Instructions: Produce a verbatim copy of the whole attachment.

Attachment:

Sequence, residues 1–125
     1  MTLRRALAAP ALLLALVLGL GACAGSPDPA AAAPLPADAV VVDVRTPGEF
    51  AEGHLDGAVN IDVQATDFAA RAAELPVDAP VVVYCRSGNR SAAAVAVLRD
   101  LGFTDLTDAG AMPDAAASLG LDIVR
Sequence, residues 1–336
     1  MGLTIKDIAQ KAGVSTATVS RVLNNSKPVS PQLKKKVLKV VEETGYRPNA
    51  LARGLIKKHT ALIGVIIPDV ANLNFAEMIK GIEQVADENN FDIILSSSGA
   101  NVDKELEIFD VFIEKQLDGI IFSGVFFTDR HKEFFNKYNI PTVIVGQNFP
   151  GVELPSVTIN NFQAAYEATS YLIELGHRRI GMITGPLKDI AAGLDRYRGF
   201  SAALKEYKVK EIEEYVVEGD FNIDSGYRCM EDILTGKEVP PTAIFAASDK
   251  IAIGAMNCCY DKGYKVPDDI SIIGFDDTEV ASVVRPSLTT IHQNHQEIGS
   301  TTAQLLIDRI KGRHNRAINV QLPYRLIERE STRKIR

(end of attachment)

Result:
Sequence, residues 1–125
     1  MTLRRALAAP ALLLALVLGL GACAGSPDPA AAAPLPADAV VVDVRTPGEF
    51  AEGHLDGAVN IDVQATDFAA RAAELPVDAP VVVYCRSGNR SAAAVAVLRD
   101  LGFTDLTDAG AMPDAAASLG LDIVR
Sequence, residues 1–336
     1  MGLTIKDIAQ KAGVSTATVS RVLNNSKPVS PQLKKKVLKV VEETGYRPNA
    51  LARGLIKKHT ALIGVIIPDV ANLNFAEMIK GIEQVADENN FDIILSSSGA
   101  NVDKELEIFD VFIEKQLDGI IFSGVFFTDR HKEFFNKYNI PTVIVGQNFP
   151  GVELPSVTIN NFQAAYEATS YLIELGHRRI GMITGPLKDI AAGLDRYRGF
   201  SAALKEYKVK EIEEYVVEGD FNIDSGYRCM EDILTGKEVP PTAIFAASDK
   251  IAIGAMNCCY DKGYKVPDDI SIIGFDDTEV ASVVRPSLTT IHQNHQEIGS
   301  TTAQLLIDRI KGRHNRAINV QLPYRLIERE STRKIR